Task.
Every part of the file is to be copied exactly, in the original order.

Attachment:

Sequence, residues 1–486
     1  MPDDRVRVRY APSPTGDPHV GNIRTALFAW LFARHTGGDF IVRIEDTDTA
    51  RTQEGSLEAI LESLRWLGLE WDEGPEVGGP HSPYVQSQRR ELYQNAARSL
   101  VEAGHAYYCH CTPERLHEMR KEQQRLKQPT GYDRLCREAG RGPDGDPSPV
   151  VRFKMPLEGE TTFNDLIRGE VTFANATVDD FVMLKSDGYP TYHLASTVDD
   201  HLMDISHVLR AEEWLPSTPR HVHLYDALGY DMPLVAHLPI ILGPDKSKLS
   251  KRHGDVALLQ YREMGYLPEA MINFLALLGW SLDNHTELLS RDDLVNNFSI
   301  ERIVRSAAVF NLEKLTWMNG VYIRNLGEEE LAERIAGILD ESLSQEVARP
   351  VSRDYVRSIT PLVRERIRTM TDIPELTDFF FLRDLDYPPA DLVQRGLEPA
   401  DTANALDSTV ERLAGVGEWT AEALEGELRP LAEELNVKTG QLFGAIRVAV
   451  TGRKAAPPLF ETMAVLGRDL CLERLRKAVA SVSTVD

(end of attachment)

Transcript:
Sequence, residues 1–486
     1  MPDDRVRVRY APSPTGDPHV GNIRTALFAW LFARHTGGDF IVRIEDTDTA
    51  RTQEGSLEAI LESLRWLGLE WDEGPEVGGP HSPYVQSQRR ELYQNAARSL
   101  VEAGHAYYCH CTPERLHEMR KEQQRLKQPT GYDRLCREAG RGPDGDPSPV
   151  VRFKMPLEGE TTFNDLIRGE VTFANATVDD FVMLKSDGYP TYHLASTVDD
   201  HLMDISHVLR AEEWLPSTPR HVHLYDALGY DMPLVAHLPI ILGPDKSKLS
   251  KRHGDVALLQ YREMGYLPEA MINFLALLGW SLDNHTELLS RDDLVNNFSI
   301  ERIVRSAAVF NLEKLTWMNG VYIRNLGEEE LAERIAGILD ESLSQEVARP
   351  VSRDYVRSIT PLVRERIRTM TDIPELTDFF FLRDLDYPPA DLVQRGLEPA
   401  DTANALDSTV ERLAGVGEWT AEALEGELRP LAEELNVKTG QLFGAIRVAV
   451  TGRKAAPPLF ETMAVLGRDL CLERLRKAVA SVSTVD